FinCEN issues statement on enforcement of Bank Secrecy Act

August 19, 2020

The Treasury’s Financial Crimes Enforcement Network (FinCEN) issued a statement this week setting forth its approach to enforcing the rules and regulations within the Bank Secrecy Act (BSA). According to FinCEN, it aims to provide clarity and transparency to its approach when contemplating compliance or enforcement actions against covered financial institutions that violate the BSA. 

Specifically, the statement outlines the administrative actions available to FinCEN, and provides an overview of the information FinCEN analyzes in order to determine the appropriate outcome to violations of the BSA.

FinCEN has authority to take the following actions when it identifies an actual or possible violation of the BSA or any BSA regulation or order:

  • No Action. FinCEN may close a matter with no additional action. FinCEN may reopen the matter if FinCEN obtains new material information concerning the matter or becomes aware of additional or subsequent violations;
  • Warning Letter. FinCEN may issue a warning through a supervisory letter or similar communication;
  • Equitable Remedies. FinCEN may seek an injunction or equitable relief to enforce compliance when FinCEN believes an entity or individual has violated, is violating, or will violate the BSA or any BSA regulation or order;
  • Settlements. As part of a settlement, FinCEN may require both remedial undertakings and civil money penalties;
  • Civil Money Penalties. FinCEN may assess a civil money penalty;
  • Criminal Referral. If circumstances warrant, FinCEN may refer a matter to appropriate law enforcement agencies for criminal investigation and/or criminal prosecution.

In all matters, FinCEN will consider the need to impose compliance commitments deemed necessary and appropriate to ensure that financial institutions are fully complying with their BSA obligations.

FinCEN considers a range of factors when evaluating an appropriate disposition upon identifying actual or possible violations of the BSA. The factors FinCEN considers include, but are not limited to, the following:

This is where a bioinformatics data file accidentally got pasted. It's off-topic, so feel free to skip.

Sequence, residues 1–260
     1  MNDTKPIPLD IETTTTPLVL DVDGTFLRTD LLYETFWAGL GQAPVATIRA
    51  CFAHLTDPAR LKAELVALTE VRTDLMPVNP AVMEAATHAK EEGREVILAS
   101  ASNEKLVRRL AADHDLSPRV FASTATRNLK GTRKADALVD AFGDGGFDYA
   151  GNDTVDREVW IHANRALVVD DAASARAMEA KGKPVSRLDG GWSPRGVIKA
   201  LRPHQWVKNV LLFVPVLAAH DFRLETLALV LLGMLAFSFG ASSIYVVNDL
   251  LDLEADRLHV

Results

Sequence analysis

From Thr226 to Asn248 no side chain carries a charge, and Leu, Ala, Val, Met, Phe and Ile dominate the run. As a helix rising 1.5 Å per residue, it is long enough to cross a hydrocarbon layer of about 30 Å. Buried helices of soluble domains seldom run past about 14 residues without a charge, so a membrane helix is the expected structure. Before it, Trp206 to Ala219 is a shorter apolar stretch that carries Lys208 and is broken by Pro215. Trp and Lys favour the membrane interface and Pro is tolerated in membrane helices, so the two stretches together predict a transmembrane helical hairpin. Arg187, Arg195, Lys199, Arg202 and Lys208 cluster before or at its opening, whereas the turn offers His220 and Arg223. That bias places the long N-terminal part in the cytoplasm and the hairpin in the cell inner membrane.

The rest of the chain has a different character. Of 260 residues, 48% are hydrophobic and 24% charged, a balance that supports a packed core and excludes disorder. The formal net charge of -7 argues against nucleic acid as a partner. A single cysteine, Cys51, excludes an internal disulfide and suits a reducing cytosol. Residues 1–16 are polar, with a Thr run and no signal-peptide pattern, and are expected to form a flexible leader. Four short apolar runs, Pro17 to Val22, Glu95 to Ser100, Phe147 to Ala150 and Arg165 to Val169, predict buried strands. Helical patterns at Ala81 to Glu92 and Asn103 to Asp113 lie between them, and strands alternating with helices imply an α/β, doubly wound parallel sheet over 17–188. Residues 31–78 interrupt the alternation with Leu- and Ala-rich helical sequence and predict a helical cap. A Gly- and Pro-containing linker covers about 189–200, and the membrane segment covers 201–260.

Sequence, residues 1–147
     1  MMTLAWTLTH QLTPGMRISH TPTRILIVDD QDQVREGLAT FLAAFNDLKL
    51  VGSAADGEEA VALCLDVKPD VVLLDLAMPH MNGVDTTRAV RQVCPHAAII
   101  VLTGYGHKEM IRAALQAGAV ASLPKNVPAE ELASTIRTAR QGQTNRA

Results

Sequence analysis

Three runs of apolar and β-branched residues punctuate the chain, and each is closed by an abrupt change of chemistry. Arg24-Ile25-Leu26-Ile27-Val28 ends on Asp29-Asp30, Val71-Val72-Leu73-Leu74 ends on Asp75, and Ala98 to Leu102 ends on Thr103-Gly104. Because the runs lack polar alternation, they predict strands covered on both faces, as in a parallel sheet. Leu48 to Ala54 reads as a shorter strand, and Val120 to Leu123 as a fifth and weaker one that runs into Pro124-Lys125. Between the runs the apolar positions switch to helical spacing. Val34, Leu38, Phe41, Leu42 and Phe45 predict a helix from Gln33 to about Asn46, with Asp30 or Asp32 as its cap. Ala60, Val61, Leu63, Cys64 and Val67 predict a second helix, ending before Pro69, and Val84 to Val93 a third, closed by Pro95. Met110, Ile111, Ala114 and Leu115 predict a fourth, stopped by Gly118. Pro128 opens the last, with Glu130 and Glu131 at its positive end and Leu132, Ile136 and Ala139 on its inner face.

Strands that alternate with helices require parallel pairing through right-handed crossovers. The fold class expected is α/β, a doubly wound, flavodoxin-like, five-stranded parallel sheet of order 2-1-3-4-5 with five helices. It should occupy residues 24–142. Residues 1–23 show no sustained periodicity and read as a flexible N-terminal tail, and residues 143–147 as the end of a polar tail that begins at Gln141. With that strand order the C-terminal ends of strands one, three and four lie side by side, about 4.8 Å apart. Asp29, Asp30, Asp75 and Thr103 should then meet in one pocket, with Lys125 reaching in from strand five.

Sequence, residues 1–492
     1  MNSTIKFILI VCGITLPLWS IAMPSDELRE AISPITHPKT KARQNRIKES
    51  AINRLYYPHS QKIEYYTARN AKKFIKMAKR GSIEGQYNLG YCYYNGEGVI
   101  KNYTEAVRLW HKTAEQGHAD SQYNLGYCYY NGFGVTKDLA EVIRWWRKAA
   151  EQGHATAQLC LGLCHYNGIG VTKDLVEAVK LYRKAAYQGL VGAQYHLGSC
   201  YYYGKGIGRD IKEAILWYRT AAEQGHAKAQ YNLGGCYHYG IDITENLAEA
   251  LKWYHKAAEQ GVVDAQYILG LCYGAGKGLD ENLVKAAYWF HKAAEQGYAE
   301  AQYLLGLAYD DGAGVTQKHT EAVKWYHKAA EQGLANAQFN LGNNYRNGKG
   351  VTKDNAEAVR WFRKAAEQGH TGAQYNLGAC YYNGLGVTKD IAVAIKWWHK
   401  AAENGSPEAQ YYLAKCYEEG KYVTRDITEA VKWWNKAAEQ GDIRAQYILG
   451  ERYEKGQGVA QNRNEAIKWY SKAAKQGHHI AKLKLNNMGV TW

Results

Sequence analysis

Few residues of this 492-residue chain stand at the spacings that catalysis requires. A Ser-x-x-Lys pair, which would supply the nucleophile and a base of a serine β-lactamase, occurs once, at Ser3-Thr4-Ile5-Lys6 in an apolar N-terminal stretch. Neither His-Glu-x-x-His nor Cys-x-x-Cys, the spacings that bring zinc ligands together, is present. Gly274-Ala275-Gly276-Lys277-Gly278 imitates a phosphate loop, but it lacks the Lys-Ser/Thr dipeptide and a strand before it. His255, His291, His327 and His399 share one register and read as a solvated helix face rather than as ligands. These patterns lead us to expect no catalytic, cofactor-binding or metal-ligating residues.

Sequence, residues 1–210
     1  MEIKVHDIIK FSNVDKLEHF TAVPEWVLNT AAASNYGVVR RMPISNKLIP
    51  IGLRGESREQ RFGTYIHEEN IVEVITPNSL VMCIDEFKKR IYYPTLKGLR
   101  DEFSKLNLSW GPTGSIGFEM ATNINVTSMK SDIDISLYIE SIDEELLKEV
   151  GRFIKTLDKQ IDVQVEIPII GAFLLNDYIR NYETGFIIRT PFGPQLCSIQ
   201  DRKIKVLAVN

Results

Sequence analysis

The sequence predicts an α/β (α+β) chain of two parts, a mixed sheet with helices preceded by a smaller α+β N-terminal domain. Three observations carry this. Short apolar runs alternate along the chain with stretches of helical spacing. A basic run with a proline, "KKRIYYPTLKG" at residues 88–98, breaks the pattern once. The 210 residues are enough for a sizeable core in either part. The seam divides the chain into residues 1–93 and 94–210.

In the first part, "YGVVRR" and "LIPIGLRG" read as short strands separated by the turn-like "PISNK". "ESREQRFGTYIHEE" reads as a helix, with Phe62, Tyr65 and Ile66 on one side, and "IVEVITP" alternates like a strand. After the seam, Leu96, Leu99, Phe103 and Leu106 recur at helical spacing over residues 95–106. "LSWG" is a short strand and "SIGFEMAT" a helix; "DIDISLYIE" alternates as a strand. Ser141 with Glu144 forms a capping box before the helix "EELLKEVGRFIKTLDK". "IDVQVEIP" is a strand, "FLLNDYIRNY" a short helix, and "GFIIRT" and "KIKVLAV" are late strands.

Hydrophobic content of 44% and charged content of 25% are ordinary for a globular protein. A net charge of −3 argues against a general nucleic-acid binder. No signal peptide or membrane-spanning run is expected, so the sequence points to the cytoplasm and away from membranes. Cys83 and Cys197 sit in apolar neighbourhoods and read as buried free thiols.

• Nature and seriousness of the violations, including the extent of possible harm to the public and the amounts involved;
  • Impact or harm of the violations on FinCEN’s mission to safeguard the financial system from illicit use, combat money laundering, and promote national security;
  • Pervasiveness of wrongdoing within an entity, including management’s complicity in, condoning or enabling of, or knowledge of the conduct underlying the violations;
  • History of similar violations, or misconduct in general, including prior criminal, civil, and regulatory enforcement actions;
  • Financial gain or other benefit resulting from, or attributable to, the violations;
  • Presence or absence of prompt, effective action to terminate the violations upon discovery, including self-initiated remedial measures;
  • Timely and voluntary disclosure of the violations to FinCEN;
  • Quality and extent of cooperation with FinCEN and other relevant agencies, including as to potential wrongdoing by its directors, officers, employees, agents, and counterparties;
  • Systemic nature of violations. Considerations include, but are not limited to, the number and extent of violations, failure rates (e.g., the number of violations out of total number of transactions), and duration of violations; and
  • Whether another agency took enforcement action for related activity. FinCEN will consider the amount of any fine, penalty, forfeiture, and/or remedial action ordered.